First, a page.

US Secretary of State Rex Tillerson said Thursday the United States “will consider working with Russia” when practical but will stand up for US and allies’ interests when the two nations disagree, after his first meeting with his Russian counterpart.
The meeting with Russian Foreign Minister Sergey Lavrov, on the sidelines of a G20 summit in Bonn, Germany, comes at a time of strained US-Russian relations and turmoil in Washington as the new Trump administration finds its feet.
Tillerson’s remarks, made in a brief on-camera statement after the meeting, may go some way to reassure US allies.
“As I made clear in my Senate confirmation hearing, the United States will consider working with Russia when we can find areas of practical cooperation that will benefit the American people,” Tillerson said.
“Where we do not see eye to eye, the United States will stand up for the interests and values of America and her allies. As we search for new common ground, we expect Russia to honor its commitment to the Minsk Agreements and work to deescalate the violence in the Ukraine.”
The White House and the Kremlim have engaged in back-and-forth commentary in recent days over Crimea, the Ukrainian territory annexed by Russia in 2014.
Speaking a short time before, Lavrov said the two “had plenty of issues to discuss,” with the topics reflecting those of the January 28 phone conversation between Russian President Vladimir Putin and US President Donald Trump.
Asked by a reporter whether the upheaval in Washington could affect US-Russian relations, Lavrov replied: “You should know we do not interfere in the domestic matters of other countries.”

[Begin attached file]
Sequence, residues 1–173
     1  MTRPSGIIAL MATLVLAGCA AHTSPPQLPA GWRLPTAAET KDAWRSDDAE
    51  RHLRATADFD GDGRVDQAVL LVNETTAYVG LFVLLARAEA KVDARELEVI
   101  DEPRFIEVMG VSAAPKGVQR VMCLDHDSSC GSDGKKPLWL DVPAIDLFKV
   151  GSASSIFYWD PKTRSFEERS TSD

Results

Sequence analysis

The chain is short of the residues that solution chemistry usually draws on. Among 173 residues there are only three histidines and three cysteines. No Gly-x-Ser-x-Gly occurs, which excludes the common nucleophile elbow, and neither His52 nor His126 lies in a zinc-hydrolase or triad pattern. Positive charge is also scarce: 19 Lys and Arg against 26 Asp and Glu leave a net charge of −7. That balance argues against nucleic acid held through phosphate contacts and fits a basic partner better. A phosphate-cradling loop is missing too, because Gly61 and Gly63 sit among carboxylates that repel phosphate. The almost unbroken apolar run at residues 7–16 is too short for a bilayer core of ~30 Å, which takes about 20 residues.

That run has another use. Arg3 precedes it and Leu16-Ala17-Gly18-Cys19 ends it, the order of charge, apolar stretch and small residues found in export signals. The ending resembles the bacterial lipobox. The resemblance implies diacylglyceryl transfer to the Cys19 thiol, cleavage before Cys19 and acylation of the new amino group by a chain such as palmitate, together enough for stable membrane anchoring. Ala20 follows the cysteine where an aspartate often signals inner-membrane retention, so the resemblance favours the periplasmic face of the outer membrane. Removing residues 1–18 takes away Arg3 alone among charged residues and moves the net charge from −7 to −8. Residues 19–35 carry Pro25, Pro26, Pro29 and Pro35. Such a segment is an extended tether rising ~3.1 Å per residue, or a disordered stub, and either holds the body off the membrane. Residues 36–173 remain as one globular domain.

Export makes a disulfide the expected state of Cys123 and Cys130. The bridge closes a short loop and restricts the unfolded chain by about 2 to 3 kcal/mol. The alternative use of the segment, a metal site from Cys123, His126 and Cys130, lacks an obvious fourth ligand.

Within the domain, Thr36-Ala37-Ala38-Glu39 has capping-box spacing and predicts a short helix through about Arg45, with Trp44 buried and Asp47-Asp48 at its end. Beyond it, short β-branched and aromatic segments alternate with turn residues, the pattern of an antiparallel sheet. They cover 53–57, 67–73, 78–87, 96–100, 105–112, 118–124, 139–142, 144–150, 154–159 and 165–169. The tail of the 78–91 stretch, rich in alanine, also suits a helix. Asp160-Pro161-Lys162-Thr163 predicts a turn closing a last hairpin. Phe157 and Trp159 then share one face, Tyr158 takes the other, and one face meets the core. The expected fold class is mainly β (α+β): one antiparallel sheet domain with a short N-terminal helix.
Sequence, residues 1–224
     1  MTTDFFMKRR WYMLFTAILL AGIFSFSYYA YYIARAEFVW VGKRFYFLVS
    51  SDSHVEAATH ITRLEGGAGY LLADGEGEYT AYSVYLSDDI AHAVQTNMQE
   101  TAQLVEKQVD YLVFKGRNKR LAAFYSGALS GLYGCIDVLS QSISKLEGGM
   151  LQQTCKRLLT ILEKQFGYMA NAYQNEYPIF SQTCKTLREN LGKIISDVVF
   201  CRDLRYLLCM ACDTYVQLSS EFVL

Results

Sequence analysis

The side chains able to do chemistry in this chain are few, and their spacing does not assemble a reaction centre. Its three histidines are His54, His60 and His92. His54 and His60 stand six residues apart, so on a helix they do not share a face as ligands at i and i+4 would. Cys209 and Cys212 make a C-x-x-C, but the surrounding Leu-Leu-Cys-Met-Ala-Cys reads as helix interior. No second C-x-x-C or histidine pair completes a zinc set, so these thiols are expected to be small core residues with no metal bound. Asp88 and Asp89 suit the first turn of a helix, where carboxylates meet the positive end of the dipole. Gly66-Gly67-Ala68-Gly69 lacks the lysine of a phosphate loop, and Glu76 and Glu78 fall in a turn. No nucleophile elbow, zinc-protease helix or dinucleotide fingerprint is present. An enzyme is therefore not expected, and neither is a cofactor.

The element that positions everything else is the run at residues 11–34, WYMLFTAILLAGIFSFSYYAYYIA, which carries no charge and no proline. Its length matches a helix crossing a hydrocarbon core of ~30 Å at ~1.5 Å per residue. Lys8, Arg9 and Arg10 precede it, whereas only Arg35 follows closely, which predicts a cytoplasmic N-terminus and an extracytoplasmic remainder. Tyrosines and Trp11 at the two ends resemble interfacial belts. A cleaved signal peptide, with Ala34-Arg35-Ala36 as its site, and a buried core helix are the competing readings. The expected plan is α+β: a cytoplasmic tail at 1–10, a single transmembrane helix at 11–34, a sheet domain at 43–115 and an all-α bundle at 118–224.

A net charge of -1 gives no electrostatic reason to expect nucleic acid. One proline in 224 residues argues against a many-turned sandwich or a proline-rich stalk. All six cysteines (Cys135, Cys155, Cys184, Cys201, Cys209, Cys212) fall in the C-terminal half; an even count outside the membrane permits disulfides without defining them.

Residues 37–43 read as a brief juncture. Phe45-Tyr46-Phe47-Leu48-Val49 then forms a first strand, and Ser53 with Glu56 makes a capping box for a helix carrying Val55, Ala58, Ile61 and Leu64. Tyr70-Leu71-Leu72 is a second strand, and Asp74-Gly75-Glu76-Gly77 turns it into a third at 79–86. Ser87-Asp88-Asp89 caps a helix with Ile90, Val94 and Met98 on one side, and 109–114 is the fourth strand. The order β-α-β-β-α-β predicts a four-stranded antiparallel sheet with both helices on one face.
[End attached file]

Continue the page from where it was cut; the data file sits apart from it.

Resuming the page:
Lavrov’s comments came at the same time as US Defense Secretary James Mattis said there was “very little doubt” that Russia had interfered — or attempted to interfere — in a number of democratic elections.
Speaking after a NATO conference in Brussels, Belgium, Mattis described Russia’s general actions around the world as “aggressive” and “destabilizing.”
Mattis played down the idea of closer military ties with Russia, saying: “We are not in a position right now to collaborate on the military level, but our political leaders will engage and try to find common ground.”
Tillerson’s trip to Germany comes as the Trump administration is seeking to reassure skittish allies in Europe the US has their backs, all while exploring new areas for cooperation with Russia as advocated by Trump over opposition from some members of his own party.
The White House is in turmoil after National Security Adviser Michael Flynn’s resignation this week over questions of the nature of conversations with Russia on sanctions before taking up his administration role.
Congress is now investigating various aspects of Russia’s alleged interference in the US election, while members question Trump’s own relationship to the country.